Automated Smoke Tests for WordPress Plugins

Find out if a plugin works with the latest version of WordPress.

You can search by:

See the FAQ for more information.


Plugin Time Result
Under Construction 3.31ok
WP Google Maps 7.10.57warning
User Role Editor 4.49ok
LearnPress – WordPress LMS Plugin
Social Icons WordPress Plugin – AccessPress Social Icons 1.7.2ok
AdRotate Banner Manager 4.14warning
WooCommerce Checkout Manager 4.2.5ok
WP Database Backup 5.0warning
Paid Memberships Pro 2.0.4ok
Health Check & Troubleshooting 1.2.4warning
MW WP Form 4.0.6ok
Advanced Access Manager 5.8ok
WordPress Download Manager 2.9.86ok
Woody ad snippets – insert any code, text, or ads via using conditions 2.1.5ok
Popup Builder – Responsive WordPress Pop up – Subscription & Newsletter
Child Theme Configurator 2.4.0ok
Elementor Page Builder 2.4.0ok
Redirection 3.7.1ok
Ninja Forms – The Easy and Powerful Forms Builder 3.4.0ok
TinyMCE Advanced 5.0.0ok

Most Recent Tests

Plugin Time Result
Hero Banner Ultimate 1.0ok
=== ARK Related Posts 2.11probably-ok
Mytory Markdown 1.6.4ok
Noindex Links 2.00ok
Russian Number Comments 2.00ok
JumpOut 3.2.0probably-ok
Bing Website Translator by 1.0ok
wp-greet 5.5failure
Connections Business Directory Open Hours 1.1ok
Connections Business Directory Toolbar 1.1ok
Google Cloud Storage plugin 0.1.4ok
WooCommerce Payment Gateway – CCBill 1.3.0ok
LH Instant Articles 1.20ok
Ultimate Client Dash 1.9ok
Aramex Shipping WooCommerce 1.0.0ok
WooCommerce Payrexx Payment Gateway 1.6.8ok
Business pack 1.0.0ok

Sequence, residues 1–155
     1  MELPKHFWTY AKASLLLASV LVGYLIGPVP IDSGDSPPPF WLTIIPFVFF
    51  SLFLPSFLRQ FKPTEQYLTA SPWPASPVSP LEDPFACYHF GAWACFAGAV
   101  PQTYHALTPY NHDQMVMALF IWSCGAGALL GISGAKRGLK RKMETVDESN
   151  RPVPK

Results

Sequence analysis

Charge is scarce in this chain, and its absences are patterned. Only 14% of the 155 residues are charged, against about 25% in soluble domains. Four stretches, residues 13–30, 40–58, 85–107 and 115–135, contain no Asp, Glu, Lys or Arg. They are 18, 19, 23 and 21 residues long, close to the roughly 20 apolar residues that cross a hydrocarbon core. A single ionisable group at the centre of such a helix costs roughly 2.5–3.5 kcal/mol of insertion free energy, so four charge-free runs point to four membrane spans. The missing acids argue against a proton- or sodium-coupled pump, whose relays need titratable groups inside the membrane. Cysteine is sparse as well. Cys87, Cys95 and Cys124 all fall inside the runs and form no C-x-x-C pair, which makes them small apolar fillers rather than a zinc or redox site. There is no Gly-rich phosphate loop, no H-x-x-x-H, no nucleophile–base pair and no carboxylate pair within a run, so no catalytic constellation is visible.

Post Connector 1.0.9ok
MslsMenu 2.0ok
Fixed Widget Area 1.0.1ok


What's a "smoke test"?

It's a very basic test where we check that:

Allegedly, the term "smoke testing" comes from the plumbing industry. When talking about electronics, it means "turn it on and see if it catches fire". See Wikipedia for more.

Which plugins are tested?

The goal is to test every plugin in the plugin directory. In practice, we've tested about 98% of those plugins at least once. Some plugins cannot be tested due to technical constraints or because they're missing important details like "Version" headers.

Does an "ok" result mean that the plugin is guaranteed to work?

Not quite. This is just a very basic automated test. There are many types of bugs that it can't catch. Also, we only test plugins in one particular environment (WordPress version + PHP version + server settings). If your server is very different, you might still run into compatibility issues. Treat the test result as a starting point, not a final judgement.

Does a "failure" mean that the plugin is broken and unusable?

It suggests that there's something wrong, but it doesn't always mean that the plugin is broken. Here's why:

Where can I get more information?

Use this contact form to submit questions and feedback.